When Seaforth junior Walker Magrinat bought his neon green shoes, they were initially a joke. After wearing them once, he realized he couldn’t return them and so they stuck around — through 11 straight singles wins this season.
Now, Magrinat claims his shoes — which his teammates call “the Grinches,” since they somewhat resemble the popular Nike Kobe 6 Protro basketball shoes — have “definitely” played a role in his success.
After a loss earlier in the season to Northwood’s Jio Sumogod, Magrinat discovered a big hole in his old shoes, traded them in for the Grinches, and hasn’t lost since.
On Monday, the Seaforth boys tennis team beat Jordan-Matthews 8-1. Playing at the No. 1 spot in singles, Magrinat dominated his opponent Paul Lujan, 6-1, 6-0.
Magrinat’s calmness was on display throughout his singles match, as the junior nonchalantly bounced the ball behind his back during breaks in play, or even exchanged jokes with his teammates who sat just outside the fence surrounding Seaforth’s tennis courts. Every now and then, when the boisterous behavior of his friends became too much, he snapped back — “stop making me laugh!”
While Magrinat was in control for the majority of the match, at one point, a well-placed ball by Lujan forced Magrinat to drop-step and sprint to the back line.
Without missing a beat, the junior laughed, made a joke about the wind and immediately resumed play. Later, when Lujan nearly played a ball between his legs, Magrinat called over to his opponent — “that would’ve been sick!”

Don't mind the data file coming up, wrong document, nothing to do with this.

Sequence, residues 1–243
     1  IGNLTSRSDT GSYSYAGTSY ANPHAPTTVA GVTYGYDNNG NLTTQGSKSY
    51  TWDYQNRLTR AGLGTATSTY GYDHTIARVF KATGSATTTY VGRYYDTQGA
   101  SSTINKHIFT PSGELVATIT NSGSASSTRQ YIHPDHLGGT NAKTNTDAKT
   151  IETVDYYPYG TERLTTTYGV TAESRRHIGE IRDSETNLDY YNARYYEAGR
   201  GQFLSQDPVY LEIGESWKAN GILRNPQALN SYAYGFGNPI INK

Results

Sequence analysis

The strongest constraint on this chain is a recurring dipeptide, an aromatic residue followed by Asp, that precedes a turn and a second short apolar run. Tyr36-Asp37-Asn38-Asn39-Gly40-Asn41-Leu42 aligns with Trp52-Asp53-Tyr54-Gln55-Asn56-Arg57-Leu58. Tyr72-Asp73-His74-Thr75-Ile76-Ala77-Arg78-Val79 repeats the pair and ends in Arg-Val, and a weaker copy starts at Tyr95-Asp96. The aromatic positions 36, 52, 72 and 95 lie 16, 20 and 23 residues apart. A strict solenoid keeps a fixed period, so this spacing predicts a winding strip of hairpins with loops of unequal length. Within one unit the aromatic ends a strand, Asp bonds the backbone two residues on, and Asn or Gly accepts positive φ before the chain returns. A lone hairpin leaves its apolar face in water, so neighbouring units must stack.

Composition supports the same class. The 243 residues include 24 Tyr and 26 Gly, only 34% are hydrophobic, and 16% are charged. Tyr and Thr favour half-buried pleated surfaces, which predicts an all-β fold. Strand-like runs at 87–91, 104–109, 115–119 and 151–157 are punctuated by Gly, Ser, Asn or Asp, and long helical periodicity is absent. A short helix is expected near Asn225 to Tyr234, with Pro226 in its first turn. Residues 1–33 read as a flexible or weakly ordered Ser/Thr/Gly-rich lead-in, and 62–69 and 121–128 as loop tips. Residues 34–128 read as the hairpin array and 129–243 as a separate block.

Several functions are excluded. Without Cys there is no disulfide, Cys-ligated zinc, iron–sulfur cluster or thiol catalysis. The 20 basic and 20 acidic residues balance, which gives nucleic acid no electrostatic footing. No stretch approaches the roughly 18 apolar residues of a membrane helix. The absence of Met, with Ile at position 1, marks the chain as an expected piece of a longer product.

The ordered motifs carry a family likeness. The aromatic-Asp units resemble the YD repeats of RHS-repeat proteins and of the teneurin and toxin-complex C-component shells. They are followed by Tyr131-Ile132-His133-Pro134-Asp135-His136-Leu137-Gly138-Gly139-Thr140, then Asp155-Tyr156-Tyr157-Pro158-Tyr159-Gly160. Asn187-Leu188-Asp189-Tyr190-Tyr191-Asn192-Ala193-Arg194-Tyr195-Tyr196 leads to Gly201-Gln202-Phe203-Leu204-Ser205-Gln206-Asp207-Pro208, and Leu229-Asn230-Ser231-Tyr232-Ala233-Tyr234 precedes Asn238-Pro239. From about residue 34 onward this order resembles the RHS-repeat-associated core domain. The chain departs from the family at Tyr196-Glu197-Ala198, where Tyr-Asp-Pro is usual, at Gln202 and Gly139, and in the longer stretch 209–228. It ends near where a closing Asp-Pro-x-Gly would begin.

This mental game has garnered respect from Magrinat’s teammates — some of them called him a “killa,” although Magrinat isn’t claiming that nickname — and praise from his coach, who considers him the “rock” of the team.
“The biggest thing that I’ve seen is he’s got much better confidence than he had last year,” Seaforth coach P.J. Petrides said. “Last year was more of a feeling-out process for him. This year, he’s back. He’s stronger. He’s been a lot more consistent.”
As a junior, Magrinat now has a solid idea of his style of play. He’s a pusher. He doesn’t go for big shots often, preferring to make the simple play and force opponents to commit errors.
“I always try to make my opponent hit the extra shot,” Magrinat said. “So if they hit a perfect shot, I’ll try to just lob it and make them hit the last volley. Sometimes when they miss, you’ll get in their head and then you sort of have the mental advantage, which is really key.”
In addition to Magrinat’s tactical approach, an area of major improvement has been his serve.
This season, with an improved hammer grip on the racket and a toss that is further in front, Magrinat is able to use his momentum to immediately rush the net and be set to return.
Junior Felton Burleigh, the No. 2 singles player for Seaforth, joked that this adjustment is something Magrinat’s picked up from him over the course of their intense battles in practice.
“Walker’s the guy I got to beat at some point, and Walker’s got to keep his spot from me — that’s his motivation,” Burleigh said to the amusement of his teammates.
Whether it’s Magrinat’s green shoes, his mental game, or the preparation from competing against Burleigh, it’s clear that the Seaforth star is in prime position for the postseason.
Magrinat’s goal is to advance to the round of eight, moving up a step from his round of 16 exit in last season’s 2A singles championships. Petrides has the bigger picture in mind — if Seaforth makes a significant push in the playoffs, they can join the ranks of successful programs like Franklin Academy, Research Triangle High School and N.C. Science & Math.
With the talent and poise of Magrinat, Seaforth may be primed to make that leap this season.